North Shore Mining presentation features women in miningMining isn’t just a man’s world! North Shore Mining is offering Silver Bay students an opportunity to learn about the company and careers within. Employees will give a presentation at William Kelley High School about the workplace, specifically about women workers.
By: Claire Hoffert, Lake County News Chronicle
Mining isn’t just a man’s world! North Shore Mining is offering Silver Bay students an opportunity to learn about the company and careers within. Employees will give a presentation at William Kelley High School about the workplace, specifically about women workers.
“Our HR manager approached the school district with thoughts on how we can introduce mining to, in particular, women,” said Sandy Karnowski, the district manager of Public Affairs for Cliffs Natural Resources. “Female employees will present to students about their jobs and how they got there.”
The presentation will feature employees Angela King, Mandy Gurske, Liz Kaiser, April Ekholm and Jenny Ramsdell, who will speak about their positions, ranging from process control engineers to geologists.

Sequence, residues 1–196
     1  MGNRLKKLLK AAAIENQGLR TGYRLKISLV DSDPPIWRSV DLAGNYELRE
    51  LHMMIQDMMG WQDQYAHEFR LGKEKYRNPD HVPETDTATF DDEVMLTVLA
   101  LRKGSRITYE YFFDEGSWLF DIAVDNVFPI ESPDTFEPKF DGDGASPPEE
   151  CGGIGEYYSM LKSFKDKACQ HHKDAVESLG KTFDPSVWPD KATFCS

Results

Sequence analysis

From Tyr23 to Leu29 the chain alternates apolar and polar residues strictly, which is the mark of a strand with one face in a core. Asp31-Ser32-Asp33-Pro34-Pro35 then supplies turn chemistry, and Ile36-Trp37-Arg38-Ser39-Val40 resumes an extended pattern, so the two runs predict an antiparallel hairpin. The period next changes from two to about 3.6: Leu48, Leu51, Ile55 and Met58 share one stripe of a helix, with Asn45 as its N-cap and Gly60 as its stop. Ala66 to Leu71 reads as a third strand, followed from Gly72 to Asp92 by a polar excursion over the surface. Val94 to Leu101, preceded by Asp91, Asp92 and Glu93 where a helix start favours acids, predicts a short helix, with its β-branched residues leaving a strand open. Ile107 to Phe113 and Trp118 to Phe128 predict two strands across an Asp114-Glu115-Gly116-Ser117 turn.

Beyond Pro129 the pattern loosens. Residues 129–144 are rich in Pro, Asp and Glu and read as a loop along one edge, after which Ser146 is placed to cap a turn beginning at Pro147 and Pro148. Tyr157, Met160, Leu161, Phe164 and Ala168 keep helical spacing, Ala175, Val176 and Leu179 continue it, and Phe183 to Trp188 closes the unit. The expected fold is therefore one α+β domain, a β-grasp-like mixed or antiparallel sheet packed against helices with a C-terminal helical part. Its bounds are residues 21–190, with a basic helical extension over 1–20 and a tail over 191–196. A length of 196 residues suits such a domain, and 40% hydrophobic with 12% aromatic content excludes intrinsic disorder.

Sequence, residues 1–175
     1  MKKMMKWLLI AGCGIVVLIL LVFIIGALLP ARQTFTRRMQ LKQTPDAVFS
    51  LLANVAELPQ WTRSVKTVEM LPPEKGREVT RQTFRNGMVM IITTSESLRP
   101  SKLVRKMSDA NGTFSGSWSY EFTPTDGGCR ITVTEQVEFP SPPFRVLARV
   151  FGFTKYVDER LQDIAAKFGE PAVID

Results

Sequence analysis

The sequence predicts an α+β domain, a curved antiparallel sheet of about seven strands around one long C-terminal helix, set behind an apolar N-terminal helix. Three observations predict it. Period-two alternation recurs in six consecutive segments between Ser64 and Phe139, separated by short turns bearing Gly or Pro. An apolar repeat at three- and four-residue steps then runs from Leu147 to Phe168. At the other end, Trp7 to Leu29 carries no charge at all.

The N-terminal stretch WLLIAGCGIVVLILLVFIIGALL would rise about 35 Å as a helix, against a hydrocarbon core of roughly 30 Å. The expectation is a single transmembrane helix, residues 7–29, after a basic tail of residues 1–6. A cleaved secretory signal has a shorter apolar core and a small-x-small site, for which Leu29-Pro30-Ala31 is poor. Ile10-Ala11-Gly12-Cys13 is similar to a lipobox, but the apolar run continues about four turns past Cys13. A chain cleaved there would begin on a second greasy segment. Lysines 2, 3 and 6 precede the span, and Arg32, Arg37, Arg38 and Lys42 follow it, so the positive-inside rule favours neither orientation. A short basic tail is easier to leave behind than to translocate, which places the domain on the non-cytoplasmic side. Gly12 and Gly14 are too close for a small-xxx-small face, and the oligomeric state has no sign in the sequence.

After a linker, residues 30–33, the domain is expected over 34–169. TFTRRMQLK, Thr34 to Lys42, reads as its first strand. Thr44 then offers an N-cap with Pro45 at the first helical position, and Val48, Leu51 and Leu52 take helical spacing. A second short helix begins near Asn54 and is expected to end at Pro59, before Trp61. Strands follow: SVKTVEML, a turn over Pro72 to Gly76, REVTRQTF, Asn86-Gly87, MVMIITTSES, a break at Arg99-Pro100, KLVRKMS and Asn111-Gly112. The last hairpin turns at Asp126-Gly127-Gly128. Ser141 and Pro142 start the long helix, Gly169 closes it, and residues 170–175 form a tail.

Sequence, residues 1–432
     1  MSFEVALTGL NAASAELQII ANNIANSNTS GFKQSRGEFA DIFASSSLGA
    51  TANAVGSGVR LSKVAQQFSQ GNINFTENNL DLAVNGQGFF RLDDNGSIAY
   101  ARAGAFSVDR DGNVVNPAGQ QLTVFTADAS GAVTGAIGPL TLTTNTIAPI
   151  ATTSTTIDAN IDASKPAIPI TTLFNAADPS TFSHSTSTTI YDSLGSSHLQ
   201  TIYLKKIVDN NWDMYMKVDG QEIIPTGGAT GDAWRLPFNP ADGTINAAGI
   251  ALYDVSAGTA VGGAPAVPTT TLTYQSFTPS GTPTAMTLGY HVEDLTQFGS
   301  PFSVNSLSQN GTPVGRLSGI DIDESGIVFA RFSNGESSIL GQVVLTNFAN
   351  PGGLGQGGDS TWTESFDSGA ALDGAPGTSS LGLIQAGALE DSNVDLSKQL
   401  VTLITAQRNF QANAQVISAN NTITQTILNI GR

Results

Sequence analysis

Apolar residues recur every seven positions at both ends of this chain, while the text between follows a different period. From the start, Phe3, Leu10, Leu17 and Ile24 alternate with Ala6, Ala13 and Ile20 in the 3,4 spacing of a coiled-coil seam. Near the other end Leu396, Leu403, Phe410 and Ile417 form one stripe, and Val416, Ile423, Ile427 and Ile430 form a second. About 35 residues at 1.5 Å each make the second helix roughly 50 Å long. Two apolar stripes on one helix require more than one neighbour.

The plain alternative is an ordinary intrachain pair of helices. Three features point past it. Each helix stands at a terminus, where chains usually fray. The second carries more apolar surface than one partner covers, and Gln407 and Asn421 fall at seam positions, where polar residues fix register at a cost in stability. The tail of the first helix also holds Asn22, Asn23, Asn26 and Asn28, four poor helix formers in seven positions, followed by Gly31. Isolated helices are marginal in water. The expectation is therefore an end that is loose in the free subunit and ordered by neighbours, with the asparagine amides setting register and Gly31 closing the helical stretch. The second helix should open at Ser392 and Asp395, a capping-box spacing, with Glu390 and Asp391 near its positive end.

“It’ll give the students a chance to see what goes on in the workplace, “ William Kelley Principal Joe Nicklay said. “It shows them the broad area of mining, that there are a variety of careers, and it will tear down walls for girls.”
During the program, each female employee will take 20 minutes to talk about their positions at the company and the steps they took to get there. They also are invited to bring the tools they use — for example, core drill samples, software, and water sampling equipment.
“One of the best things about this opportunity is that students will see what’s going on in the town, and that mining is not just a man’s workplace,” Nicklay said.
The presentation will be open to about 70 ninth- and tenth-graders at the school. The students will be given job summaries beforehand, so they have the chance to brainstorm questions to ask during the program.
The presentation will start at 2 p.m. on Sept. 18 and last about 90 minutes. Nicklay said he is encouraged by what the presentations represent for high-schoolers.
“There are doors open for the students,” Nicklay said. “It’s a place for everyone.”